Not Baaaaaaaaaad Council Saves Green, Going Green Lakewood's New Trash Pick Up Plan Announced

How it would work.

Lakewood Observer Staff Press Release

As a budget cutting measure, Lakewood’s City Council has passed an emergency resolution to end trash collection in Lakewood, effective April, 1st. Councilman Mike Summers, as chair of Council’s Finance Committee, has consistently made it clear that Lakewood can no longer afford business as usual. Trash removal became a target for budget cuts. He challenged the Fitzgerald administration, and fellow council members to come up with a solution.

This has also been the position of Ward 4 Councilperson, Mary Louise Madigan. She has said, "Lakewood faces huge decisions about services and infrastructure. Our budget is tight, so the Council is working with the Administration to develop a plan to lead Lakewood through the next 5 years.” Trash removal is an important part of the plan. She brainstormed with green-leaning Councilman Tom Bullock, and Councilman Kevin Butler, to come up with a plan. Their ideas have sparked heated debates that have led to a consensus among all elected and appointed officials at City Hall. They have called it the ”April First Plan”, though all parts will not be in place on April, 1st.

Council President Mike Dever has been impressed by the commitment of the entire council, Mayor Fitzgerald, and the Public Works department. This is a time of unprecedented cooperation. All that he and Mayor Fitzgerald ask is that members of the community be open, patient, and cooperative through this revolutionary suburban experiment. Councilman Brian Powers, though mostly interested in the budget savings, admits that he has also been swayed by the opportunity to capitalize on the publicity benefits of the “Green” nature of the plan.

The Lakewood Observer has reviewed the April First Plan. The publisher and editorial staff have agreed that this is the kind of advanced thinking not seen since Medieval times. “Remarkably rare thinking in this age,” said publisher Jim O’Bryan. “Steve Davis and I often discuss the traits of successful communities in terms of safe, clean, and fun. This certainly is a unique approach to clean. I just never thought they could set the plan in action by April first. I guess it is foolish to underestimate these committed people.”


To reduce the costs of trash collection, residents are going to have to take a little more responsibility with their own rubbish, but they will also realize some personal savings in these trying times by not having to buy garbage cans. At-Large Councilperson Nickie J. Antonio wanted to be sure that residents realized a direct financial benefit for their participation in this plan.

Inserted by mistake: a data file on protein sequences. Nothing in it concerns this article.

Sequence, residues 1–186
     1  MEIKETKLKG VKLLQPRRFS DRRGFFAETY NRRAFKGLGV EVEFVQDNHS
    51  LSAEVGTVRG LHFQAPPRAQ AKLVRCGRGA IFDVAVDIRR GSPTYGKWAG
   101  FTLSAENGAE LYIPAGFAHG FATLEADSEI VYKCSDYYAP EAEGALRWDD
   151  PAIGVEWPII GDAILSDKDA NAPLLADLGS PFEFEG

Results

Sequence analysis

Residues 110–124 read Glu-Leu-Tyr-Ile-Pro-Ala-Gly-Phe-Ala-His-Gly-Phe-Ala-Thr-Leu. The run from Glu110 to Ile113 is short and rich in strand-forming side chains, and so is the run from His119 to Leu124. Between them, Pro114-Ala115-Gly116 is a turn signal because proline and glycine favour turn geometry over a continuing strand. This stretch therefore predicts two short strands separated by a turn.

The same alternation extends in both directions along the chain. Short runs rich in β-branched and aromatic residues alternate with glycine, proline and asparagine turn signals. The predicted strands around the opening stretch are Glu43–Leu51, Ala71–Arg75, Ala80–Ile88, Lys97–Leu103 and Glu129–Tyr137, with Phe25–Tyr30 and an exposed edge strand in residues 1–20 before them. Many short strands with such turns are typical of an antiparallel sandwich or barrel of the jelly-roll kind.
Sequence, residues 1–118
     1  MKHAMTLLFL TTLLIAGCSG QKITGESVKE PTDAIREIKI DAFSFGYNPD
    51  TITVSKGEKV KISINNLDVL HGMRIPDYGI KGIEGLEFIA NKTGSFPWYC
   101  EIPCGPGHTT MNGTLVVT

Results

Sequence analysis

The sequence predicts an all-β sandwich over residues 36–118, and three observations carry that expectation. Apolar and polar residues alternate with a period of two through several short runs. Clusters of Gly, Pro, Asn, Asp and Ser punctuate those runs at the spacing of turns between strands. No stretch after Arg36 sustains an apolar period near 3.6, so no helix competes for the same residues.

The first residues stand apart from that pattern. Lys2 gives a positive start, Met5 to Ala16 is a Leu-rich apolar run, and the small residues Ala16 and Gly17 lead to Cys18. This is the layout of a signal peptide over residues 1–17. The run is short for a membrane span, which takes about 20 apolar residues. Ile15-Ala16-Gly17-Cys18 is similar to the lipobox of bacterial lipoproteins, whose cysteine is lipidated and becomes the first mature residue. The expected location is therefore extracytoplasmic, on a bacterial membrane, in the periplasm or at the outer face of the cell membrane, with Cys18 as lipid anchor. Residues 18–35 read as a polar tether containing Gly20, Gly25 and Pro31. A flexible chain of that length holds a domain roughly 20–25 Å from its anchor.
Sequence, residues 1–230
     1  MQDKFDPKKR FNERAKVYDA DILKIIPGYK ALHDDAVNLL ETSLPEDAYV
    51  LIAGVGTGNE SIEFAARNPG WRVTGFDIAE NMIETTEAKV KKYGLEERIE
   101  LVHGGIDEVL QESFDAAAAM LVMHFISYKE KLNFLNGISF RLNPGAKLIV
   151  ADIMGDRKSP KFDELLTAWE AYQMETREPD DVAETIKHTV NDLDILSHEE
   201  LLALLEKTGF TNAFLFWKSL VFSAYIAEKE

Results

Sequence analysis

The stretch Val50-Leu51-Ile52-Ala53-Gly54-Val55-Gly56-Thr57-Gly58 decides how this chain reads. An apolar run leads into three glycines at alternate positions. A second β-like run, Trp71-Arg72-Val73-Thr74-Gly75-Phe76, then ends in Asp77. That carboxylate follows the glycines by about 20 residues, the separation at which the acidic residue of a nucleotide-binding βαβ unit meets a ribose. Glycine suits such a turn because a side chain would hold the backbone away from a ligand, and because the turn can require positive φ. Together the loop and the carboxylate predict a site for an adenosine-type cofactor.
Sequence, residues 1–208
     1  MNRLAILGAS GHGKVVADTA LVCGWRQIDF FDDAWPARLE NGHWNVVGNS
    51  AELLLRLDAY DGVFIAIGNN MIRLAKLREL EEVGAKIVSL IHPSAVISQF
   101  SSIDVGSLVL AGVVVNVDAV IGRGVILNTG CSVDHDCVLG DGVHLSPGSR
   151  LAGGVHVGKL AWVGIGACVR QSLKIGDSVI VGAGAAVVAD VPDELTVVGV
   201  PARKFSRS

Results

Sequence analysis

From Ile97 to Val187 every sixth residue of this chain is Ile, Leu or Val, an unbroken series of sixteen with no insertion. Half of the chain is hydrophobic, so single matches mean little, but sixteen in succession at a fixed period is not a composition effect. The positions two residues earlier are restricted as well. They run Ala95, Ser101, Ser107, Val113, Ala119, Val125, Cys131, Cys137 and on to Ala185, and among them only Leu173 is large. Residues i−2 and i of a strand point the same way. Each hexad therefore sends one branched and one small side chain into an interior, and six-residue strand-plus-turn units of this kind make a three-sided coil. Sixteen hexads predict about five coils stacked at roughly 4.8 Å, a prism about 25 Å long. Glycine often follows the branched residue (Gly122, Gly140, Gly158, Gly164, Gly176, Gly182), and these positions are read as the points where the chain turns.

Starting on the first of April, residents will no longer be required to put their trash in garbage cans. They only need to place their unbagged trash on the tree lawn for animals to eat. That’s right, animals.

After a quick study, it was found that goats and pigs are voracious eaters of solid waste. One city official remembered cartoons from his youth in which goats would eat anything, including clothes drying on a line, tin cans, and even dynamite. “Only a fool would not consider this as the perfect solution. Why pay city workers to do what animals will do for free?”
The city has issued RFP’s for a variety of animals to help with trash removal. If all goes well, there should be about 250 piglets and 47 goats on the streets of Lakewood by the end of the week.

The Lakewood Observer has been informed that piglets are cheaper than full sized hogs. Their metabolism is higher, so they eat a lot more. As they consume more and more garbage, like food scraps, they grow and grow until they are ready to be sold at market, again adding to the city’s coffers. Some would, of course, breed and continue the program without using more taxpayer dollars. Goats fill the gap by eating non-food items. Raccoons, birds, and rodents that are native to Lakewood will also serve as unpaid trash removers.

Just as they do with autumn leaves, residents will be asked to rake their rubbish into neat piles by the curb as part of their responsibility. Lakewood Police and the Municipal court are still ironing out enforcement details. They ask that residents not fool around and violate the April First Plan, and also to be careful driving near animals.

Jim O’Bryan, a known skeptic of regionalism, wants to make sure that CLE+ does not mean that we share our livestock with Cleveland and Rocky River. “I know they’ll want a percentage of our livestock. I want to be sure that what happens in Lakewood stays in Lakewood.” Mayor, Ed Fitzgerald has made it clear that invisible fencing wires will be installed at city boundaries from Highland Avenue to the Emerald Canyon. The livestock will wear shock collars. He assured this writer that they are indeed humane, protect the animals, and our investment. P.E.T.A. will monitor animal safety.


Budget cutting by replacing humans with animals may be a continuing trend. Lakewood officials are looking into mowing grass on park and school property with sheep. The city may save on chlorine bills by placing sterilized Chinese Grass Carp into swimming pools to eat organic matter.

The consensus at City Hall is that it would be foolhardy not to expand the April First Plan.

Read More on City Council
Volume 4, Issue 7, Posted 11:37 PM, 03.31.2008